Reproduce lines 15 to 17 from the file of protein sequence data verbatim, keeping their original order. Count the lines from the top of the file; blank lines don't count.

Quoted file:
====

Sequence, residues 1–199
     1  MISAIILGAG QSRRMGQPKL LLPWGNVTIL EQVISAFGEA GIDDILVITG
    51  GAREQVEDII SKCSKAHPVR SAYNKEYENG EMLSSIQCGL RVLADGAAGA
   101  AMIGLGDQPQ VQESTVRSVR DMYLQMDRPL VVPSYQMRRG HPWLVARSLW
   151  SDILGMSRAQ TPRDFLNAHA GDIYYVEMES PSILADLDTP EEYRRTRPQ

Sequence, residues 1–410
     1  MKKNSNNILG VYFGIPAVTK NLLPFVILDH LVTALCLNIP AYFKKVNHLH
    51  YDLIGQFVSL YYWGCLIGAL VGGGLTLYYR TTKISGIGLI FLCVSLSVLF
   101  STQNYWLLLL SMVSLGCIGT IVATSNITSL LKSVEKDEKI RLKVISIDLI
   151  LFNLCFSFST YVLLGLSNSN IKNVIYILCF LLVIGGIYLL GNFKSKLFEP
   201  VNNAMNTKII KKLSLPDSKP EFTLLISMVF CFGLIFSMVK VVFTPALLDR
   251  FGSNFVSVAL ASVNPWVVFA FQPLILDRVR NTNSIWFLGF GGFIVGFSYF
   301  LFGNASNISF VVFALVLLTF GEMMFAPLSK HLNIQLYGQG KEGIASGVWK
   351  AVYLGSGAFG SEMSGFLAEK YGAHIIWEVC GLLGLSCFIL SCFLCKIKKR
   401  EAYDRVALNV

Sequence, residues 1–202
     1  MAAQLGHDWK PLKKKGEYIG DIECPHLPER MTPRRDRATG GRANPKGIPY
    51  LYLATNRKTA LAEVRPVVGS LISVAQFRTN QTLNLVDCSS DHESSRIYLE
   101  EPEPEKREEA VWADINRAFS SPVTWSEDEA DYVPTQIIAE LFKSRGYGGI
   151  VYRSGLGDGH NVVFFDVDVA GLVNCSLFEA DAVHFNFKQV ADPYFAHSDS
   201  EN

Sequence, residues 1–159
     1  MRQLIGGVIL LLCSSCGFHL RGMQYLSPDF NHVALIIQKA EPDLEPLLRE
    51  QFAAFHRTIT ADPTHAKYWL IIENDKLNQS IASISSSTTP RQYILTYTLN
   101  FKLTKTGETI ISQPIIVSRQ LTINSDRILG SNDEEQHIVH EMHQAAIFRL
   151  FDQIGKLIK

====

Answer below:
   401  EAYDRVALNV

Sequence, residues 1–202
     1  MAAQLGHDWK PLKKKGEYIG DIECPHLPER MTPRRDRATG GRANPKGIPY